So… the flow.

I cruise my Picasa archives to find the pic I want to edit and open it in Digital Photo Pro (it’s in the right click menu thanks to Picasa).

In DPP I start by making sure the white balance looks good then I usually bump up the contrast, saturation and sharpness just a bit (I shoot with pretty tame camera settings) maybe darken a little and finally try and improve any noise issues. Noise reduction can soften so it’s kind of a balance with sharpness and contrast. Make sure and double check all your settings after noise reduction. I do as much of this in the “raw” tab as I can for some reason. Lastly I convert and export to a 72 dpi jpg (no compression).

After Picasa finds the new jpg I right click and open in Photoshop (thanks again). Here I crop, fix any tilt (PS has the best tilt fix, don’t do it anywhere else), do a final check on color, any extras I might want, do final sizing and compression (I like PS’ compression too, usually through the save for web interface). The extras might be converting to black and white, adding a vintage look, vignette or texture (though I personally am not a big texture guy).

Picasa also has a great sharpening tool and a really killer filtered black and white conversion tool if you want to try doing those things as this point in the process.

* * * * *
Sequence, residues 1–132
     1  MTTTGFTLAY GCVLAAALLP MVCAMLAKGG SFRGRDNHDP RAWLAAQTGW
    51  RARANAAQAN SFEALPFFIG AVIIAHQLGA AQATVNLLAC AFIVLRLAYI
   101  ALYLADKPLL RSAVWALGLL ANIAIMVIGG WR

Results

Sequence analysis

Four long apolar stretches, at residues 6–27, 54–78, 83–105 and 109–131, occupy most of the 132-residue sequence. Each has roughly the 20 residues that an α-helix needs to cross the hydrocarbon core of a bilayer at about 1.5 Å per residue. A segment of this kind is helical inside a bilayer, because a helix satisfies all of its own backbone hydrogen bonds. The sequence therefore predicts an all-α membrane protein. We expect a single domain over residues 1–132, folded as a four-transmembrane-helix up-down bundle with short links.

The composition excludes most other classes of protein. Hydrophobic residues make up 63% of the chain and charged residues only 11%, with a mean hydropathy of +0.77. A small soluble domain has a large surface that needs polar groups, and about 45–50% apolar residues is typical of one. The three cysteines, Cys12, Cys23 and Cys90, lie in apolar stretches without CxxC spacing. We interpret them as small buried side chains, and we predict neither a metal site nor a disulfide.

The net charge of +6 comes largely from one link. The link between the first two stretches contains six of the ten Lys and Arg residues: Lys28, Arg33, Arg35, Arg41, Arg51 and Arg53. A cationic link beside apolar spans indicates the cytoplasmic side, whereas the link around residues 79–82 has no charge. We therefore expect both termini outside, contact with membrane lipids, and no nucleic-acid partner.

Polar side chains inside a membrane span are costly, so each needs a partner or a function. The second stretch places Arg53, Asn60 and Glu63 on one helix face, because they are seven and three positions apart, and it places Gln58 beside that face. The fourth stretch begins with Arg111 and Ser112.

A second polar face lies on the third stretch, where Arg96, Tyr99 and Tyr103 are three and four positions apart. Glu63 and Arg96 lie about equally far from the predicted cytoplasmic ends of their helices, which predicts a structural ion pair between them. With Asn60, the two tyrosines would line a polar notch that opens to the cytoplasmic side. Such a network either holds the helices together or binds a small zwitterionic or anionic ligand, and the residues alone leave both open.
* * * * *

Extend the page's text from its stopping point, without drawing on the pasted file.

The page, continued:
So that’s it. Pretty simple but I’m pretty happy with it. Let me know if you have improvement suggestions.

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Best Tip Ever

December 26, 2009

I recently upgraded my 10d to a 1000d. Apparently in the last 5 years cameras have gotten 100 times better. Joking aside… it really is 10 times the camera (at least) and it was about 1/3 the cost. Maybe I’m reaching that “old man can’t keep up with technology” stage in my life but I can’t believe you can get a quality DSLR, over 10 megapixels with a lens for under 500 bucks (well under). I found that one of the advances my new camera featured was live view. Live view means you can view your composition on the display screen as you’re composing. Live view can also be magnified… Do you see where I’m going with this? I can now put my camera on a tripod, compose my image, zoom in on the point I want to be focused on, focus precisely using that magnification and fire the shutter. The results are so much better than the auto focus and it’s really effective in hard focus situations like macro, ttv etc.